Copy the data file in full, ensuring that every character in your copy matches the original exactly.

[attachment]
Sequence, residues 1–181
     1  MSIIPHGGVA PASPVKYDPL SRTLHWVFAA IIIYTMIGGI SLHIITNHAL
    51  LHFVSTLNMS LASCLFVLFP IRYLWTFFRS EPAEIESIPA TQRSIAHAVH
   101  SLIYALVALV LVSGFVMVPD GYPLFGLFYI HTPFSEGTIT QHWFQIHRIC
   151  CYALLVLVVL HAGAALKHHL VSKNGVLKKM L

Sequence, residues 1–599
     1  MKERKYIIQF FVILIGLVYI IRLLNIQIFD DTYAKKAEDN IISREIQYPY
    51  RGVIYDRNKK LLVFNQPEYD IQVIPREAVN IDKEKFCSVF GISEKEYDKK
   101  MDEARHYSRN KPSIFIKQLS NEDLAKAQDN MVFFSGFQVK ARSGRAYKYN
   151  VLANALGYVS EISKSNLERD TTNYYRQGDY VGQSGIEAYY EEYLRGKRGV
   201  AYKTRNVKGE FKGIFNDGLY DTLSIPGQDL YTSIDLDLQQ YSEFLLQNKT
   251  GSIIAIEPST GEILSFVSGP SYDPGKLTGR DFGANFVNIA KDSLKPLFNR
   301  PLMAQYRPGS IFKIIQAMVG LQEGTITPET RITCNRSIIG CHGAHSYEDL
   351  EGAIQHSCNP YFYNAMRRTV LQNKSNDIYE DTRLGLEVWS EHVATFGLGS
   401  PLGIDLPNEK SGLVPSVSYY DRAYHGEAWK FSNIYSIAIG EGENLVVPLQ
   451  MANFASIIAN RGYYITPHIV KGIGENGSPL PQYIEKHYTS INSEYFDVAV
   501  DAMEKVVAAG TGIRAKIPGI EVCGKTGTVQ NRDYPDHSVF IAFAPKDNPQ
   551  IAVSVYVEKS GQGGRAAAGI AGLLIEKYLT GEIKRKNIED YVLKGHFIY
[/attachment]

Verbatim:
Sequence, residues 1–181
     1  MSIIPHGGVA PASPVKYDPL SRTLHWVFAA IIIYTMIGGI SLHIITNHAL
    51  LHFVSTLNMS LASCLFVLFP IRYLWTFFRS EPAEIESIPA TQRSIAHAVH
   101  SLIYALVALV LVSGFVMVPD GYPLFGLFYI HTPFSEGTIT QHWFQIHRIC
   151  CYALLVLVVL HAGAALKHHL VSKNGVLKKM L

Sequence, residues 1–599
     1  MKERKYIIQF FVILIGLVYI IRLLNIQIFD DTYAKKAEDN IISREIQYPY
    51  RGVIYDRNKK LLVFNQPEYD IQVIPREAVN IDKEKFCSVF GISEKEYDKK
   101  MDEARHYSRN KPSIFIKQLS NEDLAKAQDN MVFFSGFQVK ARSGRAYKYN
   151  VLANALGYVS EISKSNLERD TTNYYRQGDY VGQSGIEAYY EEYLRGKRGV
   201  AYKTRNVKGE FKGIFNDGLY DTLSIPGQDL YTSIDLDLQQ YSEFLLQNKT
   251  GSIIAIEPST GEILSFVSGP SYDPGKLTGR DFGANFVNIA KDSLKPLFNR
   301  PLMAQYRPGS IFKIIQAMVG LQEGTITPET RITCNRSIIG CHGAHSYEDL
   351  EGAIQHSCNP YFYNAMRRTV LQNKSNDIYE DTRLGLEVWS EHVATFGLGS
   401  PLGIDLPNEK SGLVPSVSYY DRAYHGEAWK FSNIYSIAIG EGENLVVPLQ
   451  MANFASIIAN RGYYITPHIV KGIGENGSPL PQYIEKHYTS INSEYFDVAV
   501  DAMEKVVAAG TGIRAKIPGI EVCGKTGTVQ NRDYPDHSVF IAFAPKDNPQ
   551  IAVSVYVEKS GQGGRAAAGI AGLLIEKYLT GEIKRKNIED YVLKGHFIY